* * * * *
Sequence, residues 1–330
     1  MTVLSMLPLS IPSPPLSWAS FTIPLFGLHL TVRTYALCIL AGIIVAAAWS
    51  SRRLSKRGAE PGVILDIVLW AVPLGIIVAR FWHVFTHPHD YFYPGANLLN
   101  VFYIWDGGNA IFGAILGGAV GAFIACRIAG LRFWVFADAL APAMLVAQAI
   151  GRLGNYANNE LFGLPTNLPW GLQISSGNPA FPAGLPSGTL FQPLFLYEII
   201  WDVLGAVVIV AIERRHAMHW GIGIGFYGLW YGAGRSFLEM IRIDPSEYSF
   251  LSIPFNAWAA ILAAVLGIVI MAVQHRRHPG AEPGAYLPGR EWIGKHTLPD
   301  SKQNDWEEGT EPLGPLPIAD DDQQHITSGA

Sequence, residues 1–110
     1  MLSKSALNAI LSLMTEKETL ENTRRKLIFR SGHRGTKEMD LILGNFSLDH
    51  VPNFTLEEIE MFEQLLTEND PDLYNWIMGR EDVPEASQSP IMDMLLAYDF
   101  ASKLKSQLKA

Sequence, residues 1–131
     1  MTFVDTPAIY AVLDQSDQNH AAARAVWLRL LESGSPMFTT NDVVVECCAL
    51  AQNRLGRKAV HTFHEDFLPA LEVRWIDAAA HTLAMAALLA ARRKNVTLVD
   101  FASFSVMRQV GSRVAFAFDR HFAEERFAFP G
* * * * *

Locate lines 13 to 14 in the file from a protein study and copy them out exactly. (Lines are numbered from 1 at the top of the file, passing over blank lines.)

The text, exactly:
Sequence, residues 1–131
     1  MTFVDTPAIY AVLDQSDQNH AAARAVWLRL LESGSPMFTT NDVVVECCAL